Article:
Studies in the Spirituality of Jesuits
Much of my background lies in social ministry, but after ordination the provincial decreed that I was to work in philosophy also. It seemed an odd mix at the time: philosophers tend to be squeamish about the rough-and-tumble of social action, while some social activists give the impression that garlic should be worn to ward off the anemia-inducing influence of philosophers. The combination has given a certain Janus-like quality to my life; but it has worked, and I have felt no need to look back.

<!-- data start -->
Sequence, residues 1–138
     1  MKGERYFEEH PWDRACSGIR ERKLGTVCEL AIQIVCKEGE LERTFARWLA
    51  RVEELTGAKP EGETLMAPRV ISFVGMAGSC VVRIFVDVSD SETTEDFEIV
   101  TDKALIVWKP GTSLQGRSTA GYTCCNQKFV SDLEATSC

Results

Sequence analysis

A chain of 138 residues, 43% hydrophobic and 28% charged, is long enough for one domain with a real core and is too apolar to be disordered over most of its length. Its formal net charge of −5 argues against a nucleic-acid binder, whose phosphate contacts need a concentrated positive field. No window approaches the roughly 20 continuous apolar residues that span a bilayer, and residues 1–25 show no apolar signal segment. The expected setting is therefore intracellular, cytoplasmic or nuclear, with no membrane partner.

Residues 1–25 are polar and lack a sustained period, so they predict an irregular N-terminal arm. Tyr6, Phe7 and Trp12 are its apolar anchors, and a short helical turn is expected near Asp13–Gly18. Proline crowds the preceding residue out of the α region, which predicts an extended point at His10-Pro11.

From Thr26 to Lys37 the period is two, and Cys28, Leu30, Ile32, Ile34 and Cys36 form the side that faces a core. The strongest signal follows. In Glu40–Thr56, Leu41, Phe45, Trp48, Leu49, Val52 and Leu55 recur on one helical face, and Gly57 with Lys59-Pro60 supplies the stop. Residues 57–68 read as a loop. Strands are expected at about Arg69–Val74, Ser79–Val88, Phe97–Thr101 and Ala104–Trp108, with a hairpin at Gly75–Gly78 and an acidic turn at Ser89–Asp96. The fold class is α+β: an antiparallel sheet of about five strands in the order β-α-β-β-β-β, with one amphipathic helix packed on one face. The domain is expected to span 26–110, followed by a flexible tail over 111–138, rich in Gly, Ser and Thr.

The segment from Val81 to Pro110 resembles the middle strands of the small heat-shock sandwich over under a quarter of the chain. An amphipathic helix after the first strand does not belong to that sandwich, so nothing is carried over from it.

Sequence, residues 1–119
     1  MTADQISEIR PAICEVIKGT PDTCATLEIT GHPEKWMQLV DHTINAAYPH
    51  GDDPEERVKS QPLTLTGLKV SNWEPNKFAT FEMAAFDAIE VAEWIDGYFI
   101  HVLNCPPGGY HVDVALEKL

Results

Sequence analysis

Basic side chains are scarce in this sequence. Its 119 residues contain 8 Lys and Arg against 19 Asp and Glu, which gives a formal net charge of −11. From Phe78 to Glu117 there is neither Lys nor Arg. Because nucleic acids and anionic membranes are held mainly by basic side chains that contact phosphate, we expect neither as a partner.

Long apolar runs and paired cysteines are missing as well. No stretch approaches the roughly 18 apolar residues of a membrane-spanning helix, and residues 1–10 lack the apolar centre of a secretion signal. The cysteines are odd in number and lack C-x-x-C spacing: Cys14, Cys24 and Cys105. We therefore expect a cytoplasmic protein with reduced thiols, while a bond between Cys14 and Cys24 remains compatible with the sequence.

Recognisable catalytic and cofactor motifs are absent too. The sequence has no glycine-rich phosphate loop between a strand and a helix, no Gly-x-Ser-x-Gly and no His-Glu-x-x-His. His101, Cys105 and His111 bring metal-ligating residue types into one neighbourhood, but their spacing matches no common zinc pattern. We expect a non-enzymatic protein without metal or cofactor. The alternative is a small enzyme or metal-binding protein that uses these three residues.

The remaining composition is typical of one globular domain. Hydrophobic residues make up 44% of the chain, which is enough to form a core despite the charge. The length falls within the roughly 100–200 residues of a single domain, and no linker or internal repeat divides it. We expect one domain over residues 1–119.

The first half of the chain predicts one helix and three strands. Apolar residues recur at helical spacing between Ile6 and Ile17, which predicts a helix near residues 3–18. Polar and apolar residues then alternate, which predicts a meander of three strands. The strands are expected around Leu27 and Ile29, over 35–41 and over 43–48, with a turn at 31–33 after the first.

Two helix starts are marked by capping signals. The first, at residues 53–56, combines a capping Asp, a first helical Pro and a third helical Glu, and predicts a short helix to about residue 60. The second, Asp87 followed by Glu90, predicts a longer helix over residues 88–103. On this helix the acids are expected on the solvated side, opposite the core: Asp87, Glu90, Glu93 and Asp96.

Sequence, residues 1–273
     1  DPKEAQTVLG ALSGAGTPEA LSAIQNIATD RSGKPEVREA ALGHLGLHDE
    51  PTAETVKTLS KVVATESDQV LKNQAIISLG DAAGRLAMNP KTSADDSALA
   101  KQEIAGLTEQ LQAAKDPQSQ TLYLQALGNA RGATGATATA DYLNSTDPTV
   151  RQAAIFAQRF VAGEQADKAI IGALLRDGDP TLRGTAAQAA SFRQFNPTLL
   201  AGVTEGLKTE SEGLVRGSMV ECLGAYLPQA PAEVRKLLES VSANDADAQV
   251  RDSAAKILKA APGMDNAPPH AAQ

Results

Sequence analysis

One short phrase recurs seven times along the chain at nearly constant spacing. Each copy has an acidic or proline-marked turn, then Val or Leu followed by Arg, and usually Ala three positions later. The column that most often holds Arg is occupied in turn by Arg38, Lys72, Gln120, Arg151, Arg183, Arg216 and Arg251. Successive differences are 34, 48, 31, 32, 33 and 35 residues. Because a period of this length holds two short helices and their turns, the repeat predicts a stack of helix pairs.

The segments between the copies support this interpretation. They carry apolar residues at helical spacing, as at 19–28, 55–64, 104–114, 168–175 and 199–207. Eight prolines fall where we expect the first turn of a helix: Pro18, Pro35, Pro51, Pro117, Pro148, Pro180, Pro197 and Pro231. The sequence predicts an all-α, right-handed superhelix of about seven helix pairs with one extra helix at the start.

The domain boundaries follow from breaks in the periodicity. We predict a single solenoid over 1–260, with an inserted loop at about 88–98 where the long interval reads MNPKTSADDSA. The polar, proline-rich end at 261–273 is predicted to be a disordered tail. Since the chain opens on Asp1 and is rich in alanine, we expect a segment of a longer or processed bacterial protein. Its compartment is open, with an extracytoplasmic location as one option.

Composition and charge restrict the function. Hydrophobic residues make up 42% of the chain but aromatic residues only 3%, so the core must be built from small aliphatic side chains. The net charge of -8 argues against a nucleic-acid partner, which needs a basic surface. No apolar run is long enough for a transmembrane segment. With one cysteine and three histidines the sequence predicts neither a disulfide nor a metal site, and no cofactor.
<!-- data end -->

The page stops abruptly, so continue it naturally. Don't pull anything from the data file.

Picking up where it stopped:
Justice is the theme of my essay. Many of those in ministries such as education argue, rightly, that we need a wider notion of justice. People in social ministry worry about the notion of justice being made so wide that it means little more than doing good, and about "the poor" being taken to mean anyone in need; they too are right. A more careful analysis of the claim that justice promotion is integral to faith-service is the key to resolving the problem.
Murphy, Seamus S.J.. The Many Ways of Justice. Studies in the Spirituality of Jesuits, 26, 2: 1-39, 1994. Retrieved from Loyola eCommons, Philosophy: Faculty Publications and Other Works,
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